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Twitch’s new sexual content guidelines are head-scratchingly bad

Twitch today unveiled new, allegedly clearer guidelines on harassment and sexual content. While the new rules have a positive sheen, they don’t seem like they’re going to help — they’re almost as confusing as before.

Twitch says it’s introducing stricter guidelines on so-called “sexual content,” which is forbidden on the site due to the large age range of viewers. This seems fair — I’ve seen my share of viewers whom I personally know to be younger than 18 sneak into streams with “18+” in the title, and the streamer and moderators either could or would do nothing to guard against them.

But given the kind of content you’ll find in popular games these days, it’s strange that, according to a Twitch spokesperson, there will be no change to Twitch’s policy on nudity in games. For example, I, the streamer, would not be allowed to offer my audience “access to prohibited sexual content such as ‘lewds’” outside of Twitch under these new rules. But I could still fire up Grand Theft Auto V and stream my character getting a dance from a stripper — in first person, no less. Twitch’s rules against that are that streamers should “only spend as much time as needed in the area to make progress,” which seems equally as vague as the rules Twitch is trying to clear up.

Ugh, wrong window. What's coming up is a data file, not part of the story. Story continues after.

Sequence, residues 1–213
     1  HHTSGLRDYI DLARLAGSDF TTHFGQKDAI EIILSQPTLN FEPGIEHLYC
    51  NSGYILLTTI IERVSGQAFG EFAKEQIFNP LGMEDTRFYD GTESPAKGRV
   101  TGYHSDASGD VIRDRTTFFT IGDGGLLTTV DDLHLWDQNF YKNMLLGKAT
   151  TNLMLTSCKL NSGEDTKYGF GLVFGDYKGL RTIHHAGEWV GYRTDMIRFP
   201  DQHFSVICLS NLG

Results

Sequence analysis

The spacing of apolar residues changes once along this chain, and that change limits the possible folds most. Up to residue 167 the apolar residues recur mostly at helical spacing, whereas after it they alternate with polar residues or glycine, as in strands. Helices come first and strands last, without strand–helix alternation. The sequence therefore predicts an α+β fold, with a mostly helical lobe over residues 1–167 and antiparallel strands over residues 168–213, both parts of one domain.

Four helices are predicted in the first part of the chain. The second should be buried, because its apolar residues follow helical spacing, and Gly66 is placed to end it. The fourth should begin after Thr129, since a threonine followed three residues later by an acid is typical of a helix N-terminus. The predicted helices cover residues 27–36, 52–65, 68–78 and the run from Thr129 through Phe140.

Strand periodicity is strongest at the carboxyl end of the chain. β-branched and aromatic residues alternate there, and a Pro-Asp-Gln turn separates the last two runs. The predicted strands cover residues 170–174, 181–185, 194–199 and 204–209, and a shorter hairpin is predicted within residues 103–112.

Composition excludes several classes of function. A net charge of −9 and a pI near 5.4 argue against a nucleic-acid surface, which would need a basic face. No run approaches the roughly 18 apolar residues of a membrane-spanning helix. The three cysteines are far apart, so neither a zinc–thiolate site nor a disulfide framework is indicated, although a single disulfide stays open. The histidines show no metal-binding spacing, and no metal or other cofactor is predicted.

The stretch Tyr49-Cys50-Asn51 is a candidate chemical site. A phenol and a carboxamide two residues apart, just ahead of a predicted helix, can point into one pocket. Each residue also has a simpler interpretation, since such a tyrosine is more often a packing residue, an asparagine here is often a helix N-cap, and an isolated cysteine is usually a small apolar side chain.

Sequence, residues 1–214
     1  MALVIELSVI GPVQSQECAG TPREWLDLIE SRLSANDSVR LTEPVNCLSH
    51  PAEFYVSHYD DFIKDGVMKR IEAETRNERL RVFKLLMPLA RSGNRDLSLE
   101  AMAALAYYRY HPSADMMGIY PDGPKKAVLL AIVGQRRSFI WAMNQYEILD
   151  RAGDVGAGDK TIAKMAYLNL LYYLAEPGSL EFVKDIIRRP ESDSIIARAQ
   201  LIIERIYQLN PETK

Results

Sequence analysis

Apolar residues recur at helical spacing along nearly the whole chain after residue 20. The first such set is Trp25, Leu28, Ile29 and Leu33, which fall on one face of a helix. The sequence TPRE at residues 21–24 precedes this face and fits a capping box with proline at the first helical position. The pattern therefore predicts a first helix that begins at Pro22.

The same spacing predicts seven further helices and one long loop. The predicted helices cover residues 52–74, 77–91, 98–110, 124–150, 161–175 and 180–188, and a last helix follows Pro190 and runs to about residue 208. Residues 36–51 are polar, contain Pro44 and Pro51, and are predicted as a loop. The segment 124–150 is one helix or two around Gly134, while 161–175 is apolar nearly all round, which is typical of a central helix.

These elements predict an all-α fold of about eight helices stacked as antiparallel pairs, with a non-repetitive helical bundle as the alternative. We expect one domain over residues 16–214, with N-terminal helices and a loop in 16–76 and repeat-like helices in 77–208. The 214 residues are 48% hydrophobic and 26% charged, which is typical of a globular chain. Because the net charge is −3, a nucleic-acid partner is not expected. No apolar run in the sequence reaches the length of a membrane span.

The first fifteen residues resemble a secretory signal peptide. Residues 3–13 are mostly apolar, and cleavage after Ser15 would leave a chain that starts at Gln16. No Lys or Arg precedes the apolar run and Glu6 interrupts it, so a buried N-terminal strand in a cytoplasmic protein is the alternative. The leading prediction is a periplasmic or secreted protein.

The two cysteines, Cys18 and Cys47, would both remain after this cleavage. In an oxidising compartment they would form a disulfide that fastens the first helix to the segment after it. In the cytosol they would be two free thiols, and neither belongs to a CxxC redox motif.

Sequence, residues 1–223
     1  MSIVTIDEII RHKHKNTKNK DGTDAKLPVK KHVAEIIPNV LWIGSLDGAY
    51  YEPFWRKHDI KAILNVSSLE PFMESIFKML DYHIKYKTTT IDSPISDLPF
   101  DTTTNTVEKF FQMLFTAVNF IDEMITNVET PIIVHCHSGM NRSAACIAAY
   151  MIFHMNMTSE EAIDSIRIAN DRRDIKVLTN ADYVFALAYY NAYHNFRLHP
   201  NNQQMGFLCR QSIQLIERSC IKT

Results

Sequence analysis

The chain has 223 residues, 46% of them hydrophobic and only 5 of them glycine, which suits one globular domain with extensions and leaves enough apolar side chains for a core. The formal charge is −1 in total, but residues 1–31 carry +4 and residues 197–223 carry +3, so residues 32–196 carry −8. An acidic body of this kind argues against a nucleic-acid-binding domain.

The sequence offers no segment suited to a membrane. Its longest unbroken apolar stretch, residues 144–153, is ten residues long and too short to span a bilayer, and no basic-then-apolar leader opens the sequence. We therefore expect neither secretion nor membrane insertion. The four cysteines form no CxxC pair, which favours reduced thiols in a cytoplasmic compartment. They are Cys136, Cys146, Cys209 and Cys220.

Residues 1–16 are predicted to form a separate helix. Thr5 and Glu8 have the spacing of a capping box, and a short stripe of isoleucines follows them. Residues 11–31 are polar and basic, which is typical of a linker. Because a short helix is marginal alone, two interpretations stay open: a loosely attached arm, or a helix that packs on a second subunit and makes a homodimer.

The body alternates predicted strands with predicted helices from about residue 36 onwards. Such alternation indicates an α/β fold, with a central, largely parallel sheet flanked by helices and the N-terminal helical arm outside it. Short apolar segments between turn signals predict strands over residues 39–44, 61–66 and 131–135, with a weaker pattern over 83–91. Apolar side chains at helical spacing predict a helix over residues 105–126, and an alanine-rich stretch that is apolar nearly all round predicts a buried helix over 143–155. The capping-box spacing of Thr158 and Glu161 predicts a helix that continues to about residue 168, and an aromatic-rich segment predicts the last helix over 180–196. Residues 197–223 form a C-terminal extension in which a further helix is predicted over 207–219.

The new rules say they’ll take a more overall view of the channel when determining the content — the streamer’s camera angle, overlay, moderator commands, and attire. Of the latter, they say, “Attire in gaming streams, most at-home streams, and all profile/channel imagery should be appropriate for a public street, mall, or restaurant.”

That seems a bit suspect to me — suppose I want to game in my pajamas? They’re perfectly modest and innocent, but I wouldn’t wear them to a restaurant. The Twitch spokesperson told me they don’t want to see anyone harassed for how they look over this rule, but it seems that, by putting the language that way, they’re making it explicit that the moderators can judge streamers by how they look.

While it sounds nice that Twitch will take a streamer’s surroundings and attitude into consideration before making a judgement, it’s a little too big brother-ish for them to police streamers based on what they’re wearing.

Twitch’s new rules will go into effect on February 19, and that streamers should jettison any VODs or clips that violate the new guidelines before that time.

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